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Biochemistry. 2004 Dec 21;43(50):15873-83.

A 120 kDa nuclear phospholipase Cgamma1 protein fragment is stimulated in vivo by EGF signal phosphorylating nuclear membrane EGFR.

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Centre de Neurochimie du CNRS, Strasbourg, France.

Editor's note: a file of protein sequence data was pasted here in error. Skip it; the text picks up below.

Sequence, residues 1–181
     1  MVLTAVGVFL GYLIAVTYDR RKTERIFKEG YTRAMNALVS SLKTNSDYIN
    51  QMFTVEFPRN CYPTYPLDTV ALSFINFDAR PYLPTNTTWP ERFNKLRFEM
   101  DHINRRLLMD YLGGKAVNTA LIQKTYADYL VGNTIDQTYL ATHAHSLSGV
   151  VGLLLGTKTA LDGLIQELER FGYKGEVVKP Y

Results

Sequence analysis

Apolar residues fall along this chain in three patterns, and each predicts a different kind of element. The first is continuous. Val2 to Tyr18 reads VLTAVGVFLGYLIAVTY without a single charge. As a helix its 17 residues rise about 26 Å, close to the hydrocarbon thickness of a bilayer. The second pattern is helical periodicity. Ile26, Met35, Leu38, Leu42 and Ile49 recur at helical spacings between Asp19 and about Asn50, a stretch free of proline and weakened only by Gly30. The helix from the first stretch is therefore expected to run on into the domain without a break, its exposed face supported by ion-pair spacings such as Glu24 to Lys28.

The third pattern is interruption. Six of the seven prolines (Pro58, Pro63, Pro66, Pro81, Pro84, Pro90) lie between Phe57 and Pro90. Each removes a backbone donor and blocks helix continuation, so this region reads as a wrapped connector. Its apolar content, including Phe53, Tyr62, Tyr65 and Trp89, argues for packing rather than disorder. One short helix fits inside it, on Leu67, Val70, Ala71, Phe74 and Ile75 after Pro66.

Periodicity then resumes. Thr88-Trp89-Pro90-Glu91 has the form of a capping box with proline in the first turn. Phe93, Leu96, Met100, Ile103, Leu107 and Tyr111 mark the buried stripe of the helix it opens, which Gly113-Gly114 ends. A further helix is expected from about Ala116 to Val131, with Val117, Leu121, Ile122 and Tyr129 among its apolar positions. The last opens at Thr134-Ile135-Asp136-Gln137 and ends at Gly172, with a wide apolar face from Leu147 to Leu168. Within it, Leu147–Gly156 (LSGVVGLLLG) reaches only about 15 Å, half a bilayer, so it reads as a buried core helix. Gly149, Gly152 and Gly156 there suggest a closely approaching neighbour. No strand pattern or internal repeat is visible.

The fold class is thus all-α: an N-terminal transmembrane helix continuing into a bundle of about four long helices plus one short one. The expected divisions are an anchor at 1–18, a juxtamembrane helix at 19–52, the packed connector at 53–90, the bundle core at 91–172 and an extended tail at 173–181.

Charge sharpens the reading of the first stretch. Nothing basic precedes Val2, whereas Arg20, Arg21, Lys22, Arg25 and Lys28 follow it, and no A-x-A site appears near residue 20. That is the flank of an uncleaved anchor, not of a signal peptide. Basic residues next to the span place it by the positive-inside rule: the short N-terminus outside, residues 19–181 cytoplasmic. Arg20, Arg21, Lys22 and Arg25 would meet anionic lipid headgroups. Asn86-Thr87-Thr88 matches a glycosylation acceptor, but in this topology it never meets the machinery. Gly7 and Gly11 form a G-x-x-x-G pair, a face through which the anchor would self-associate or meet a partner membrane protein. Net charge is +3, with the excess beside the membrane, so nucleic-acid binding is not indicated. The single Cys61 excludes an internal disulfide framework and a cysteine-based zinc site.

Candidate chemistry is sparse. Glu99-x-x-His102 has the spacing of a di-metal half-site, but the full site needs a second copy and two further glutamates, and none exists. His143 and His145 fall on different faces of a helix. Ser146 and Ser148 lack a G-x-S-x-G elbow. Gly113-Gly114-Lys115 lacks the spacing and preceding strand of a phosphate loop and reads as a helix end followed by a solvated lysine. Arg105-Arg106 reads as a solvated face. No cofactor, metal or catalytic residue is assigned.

Intraperitoneal injection of epidermal growth factor (EGF) into mice resulted in the phosphorylation of liver nuclei phospholipase Cgamma1 (PLCgamma1) at the tyrosine, coincident with the time course of nuclear membrane epidermal growth factor receptor (EGFR) activation. The function of PLCgamma1 in mice liver nuclei was attributed to a 120 kDa protein fragment. This 120 kDa protein was immunoprecipitated with the isozyme specific PLCgamma1 antibody and was found to be sensitive to a PLCgamma1 specific blocking peptide. The 10-partial sequence analysis revealed that the 120 kDa protein contains the PELCQVSLSE sequence at its N-terminal end and the RTRVNGDNRL sequence at its C-terminal end, which reveals that this protein is a major fragment of PLCgamma1 devoid of an amino acid portion at the N-terminal end. The tyrosine-phosphorylated 120 kDa protein interacts with activated EGFR, binds phosphatidylinositol-3-OH-kinase enhancer (PIKE), enhances nuclear phosphatidylinositol-3-OH-kinase (PI[3]K) activity, and generates diacylglycerol (DAG) in response to the EGF signal to the nucleus in vivo. The immunoprecipitated 120 kDa protein fragment displayed phosphatidylinositol (PI) hydrolysis activity. These results establish the capacity of EGF-triggered nuclear signaling which is mediated by EGFR itself, located on the inner nuclear membrane. This is the first report identifying a 120 kDa PLCgamma1 fragment generated in vivo in the nucleus and capable of discharging the function of nuclear PLCgamma1.

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